Uncover Years of English History at Winchester Cathedral
02 June 2021
Situated on the edge of Winchester city centre, Winchester Holts is our new collection of two- and three-bedroom homes. Each has been designed with style and sophistication in mind, and act as a welcoming retreat after a day of exploring the city. One of our favourite locations is the iconic landmark in the centre of the city, Winchester Cathedral;a spectacular Anglo-Saxon Cathedral which has played an important part in England’s history for hundreds of years.
A Brief History of Winchester Cathedral
Winchester Cathedral originated in the seventh century when England’s pagan monarchy first became Christians when Cynegils, king of the Wessex, was first baptised in 635. A decade later, his son built the first Christian church in Winchester, the heart of Anglo- Saxon Wessex. The church, known as Old Minster, continued to increase in significance and by the year 1,000 it became a Cathedral, thriving priory church and final resting place of West Saxon Kings.
Change came about some years later when William the Conqueror successfully invaded England. Old Minster was demolished, and the new Cathedral, which still stands today, was built in 1093 with the remaining stones which can still be seen in the crypt. The Norman Cathedral flourished for many centuries but faced great challenges once more in the 1530s under Henry VIII’s reign, where it was reformed to become a Church of England Cathedral. These changes included a new prayer book written in English and new patterns of worship which are still reflected in the services at the Cathedral today.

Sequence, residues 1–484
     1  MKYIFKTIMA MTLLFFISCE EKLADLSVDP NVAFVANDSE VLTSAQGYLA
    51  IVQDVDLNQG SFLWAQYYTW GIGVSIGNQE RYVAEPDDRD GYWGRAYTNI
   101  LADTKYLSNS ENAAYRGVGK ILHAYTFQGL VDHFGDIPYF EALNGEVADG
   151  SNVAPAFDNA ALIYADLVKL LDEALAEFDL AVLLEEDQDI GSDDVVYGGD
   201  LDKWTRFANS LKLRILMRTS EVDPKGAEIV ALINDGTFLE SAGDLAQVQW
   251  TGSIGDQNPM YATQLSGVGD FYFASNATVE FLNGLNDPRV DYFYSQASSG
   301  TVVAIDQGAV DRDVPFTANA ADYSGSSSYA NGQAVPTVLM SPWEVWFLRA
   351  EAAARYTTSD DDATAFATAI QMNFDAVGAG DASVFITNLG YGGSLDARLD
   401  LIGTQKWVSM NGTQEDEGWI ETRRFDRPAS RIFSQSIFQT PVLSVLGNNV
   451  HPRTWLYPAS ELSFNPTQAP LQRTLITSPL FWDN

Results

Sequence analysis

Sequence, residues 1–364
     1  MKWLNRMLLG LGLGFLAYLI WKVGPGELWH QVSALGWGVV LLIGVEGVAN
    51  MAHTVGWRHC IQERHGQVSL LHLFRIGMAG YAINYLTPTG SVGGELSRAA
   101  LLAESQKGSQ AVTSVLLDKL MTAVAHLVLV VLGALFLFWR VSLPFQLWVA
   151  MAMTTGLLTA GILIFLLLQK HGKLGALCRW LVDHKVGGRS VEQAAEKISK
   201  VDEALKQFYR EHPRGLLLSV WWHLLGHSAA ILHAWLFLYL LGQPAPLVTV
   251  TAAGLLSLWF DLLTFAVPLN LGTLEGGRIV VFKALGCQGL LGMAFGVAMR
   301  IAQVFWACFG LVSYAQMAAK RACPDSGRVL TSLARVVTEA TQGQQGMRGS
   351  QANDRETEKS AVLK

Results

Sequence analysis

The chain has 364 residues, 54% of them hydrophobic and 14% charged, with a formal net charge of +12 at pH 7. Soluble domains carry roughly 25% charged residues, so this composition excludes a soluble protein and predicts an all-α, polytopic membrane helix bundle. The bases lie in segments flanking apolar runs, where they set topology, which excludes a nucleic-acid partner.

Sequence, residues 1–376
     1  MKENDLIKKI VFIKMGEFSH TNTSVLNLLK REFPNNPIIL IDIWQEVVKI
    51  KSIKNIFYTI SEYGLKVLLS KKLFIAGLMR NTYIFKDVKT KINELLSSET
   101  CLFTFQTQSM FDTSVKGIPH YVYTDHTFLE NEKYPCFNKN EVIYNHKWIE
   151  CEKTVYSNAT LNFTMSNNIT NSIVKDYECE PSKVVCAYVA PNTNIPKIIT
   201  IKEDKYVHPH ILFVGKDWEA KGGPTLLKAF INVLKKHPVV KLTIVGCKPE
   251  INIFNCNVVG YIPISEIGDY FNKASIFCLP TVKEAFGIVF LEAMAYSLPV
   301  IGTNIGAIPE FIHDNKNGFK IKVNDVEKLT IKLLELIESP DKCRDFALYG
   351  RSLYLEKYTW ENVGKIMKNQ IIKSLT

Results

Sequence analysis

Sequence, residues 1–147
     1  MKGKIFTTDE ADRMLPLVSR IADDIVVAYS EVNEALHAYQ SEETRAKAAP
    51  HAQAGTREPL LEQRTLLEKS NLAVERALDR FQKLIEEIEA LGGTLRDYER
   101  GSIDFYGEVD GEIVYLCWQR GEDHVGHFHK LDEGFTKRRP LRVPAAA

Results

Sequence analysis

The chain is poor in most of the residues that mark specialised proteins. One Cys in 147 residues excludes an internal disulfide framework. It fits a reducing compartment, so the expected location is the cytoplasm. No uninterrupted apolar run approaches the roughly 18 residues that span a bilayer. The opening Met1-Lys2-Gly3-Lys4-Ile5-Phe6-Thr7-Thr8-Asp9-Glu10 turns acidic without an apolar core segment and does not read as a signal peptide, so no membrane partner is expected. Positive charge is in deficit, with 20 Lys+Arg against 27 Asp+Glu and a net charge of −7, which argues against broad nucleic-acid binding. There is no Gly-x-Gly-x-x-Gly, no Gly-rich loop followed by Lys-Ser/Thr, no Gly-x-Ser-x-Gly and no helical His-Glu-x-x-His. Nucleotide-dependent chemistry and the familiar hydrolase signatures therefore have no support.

What to see at the Cathedral:
Art and architecture
A walk around the Cathedral will take you through centuries of English architecture adorned with magnificent works of art, from paintings to carvings.
The Winchester Bible
Written in Latin across 468 sheets of parchment, the Winchester Bible is one of the largest and finest English bibles from the 12th century.
Jane Austen’s grave
Pay respects to esteemed English novelist, Jane Austen, who was a great admirer of the Cathedral and was laid to rest there in 1817.
The eerie yet intricately designed crypt is home to Antony Gormley’s sculpture of a lone man, Sound II, which can be seen on the Crypt Tour. The Cathedral also has a statue of deep-sea diver, William Walker, who worked underwater for six years to save the Cathedral from collapse.
From the comfort of your own home, you can watch the Peregrine cam here which has sight of the majestic birds that nest at the Cathedral every year.
Tours of Winchester Cathedral
Taking place five days a week, the Cathedral tour takes in the Cathedral’s many treasures and teaches visitors about its rich history, sharing insight into the characters and events that have shaped the history of England. www.winchester-cathedral.org.uk/whats-on/guided-tours
Owners at our new Winchester Holts community are a short walk from the city centre, where they can enjoy Winchester Cathedral along with shops, cafes, restaurants and more. To find out about the homes available, call 01962 418 059 or email [email protected].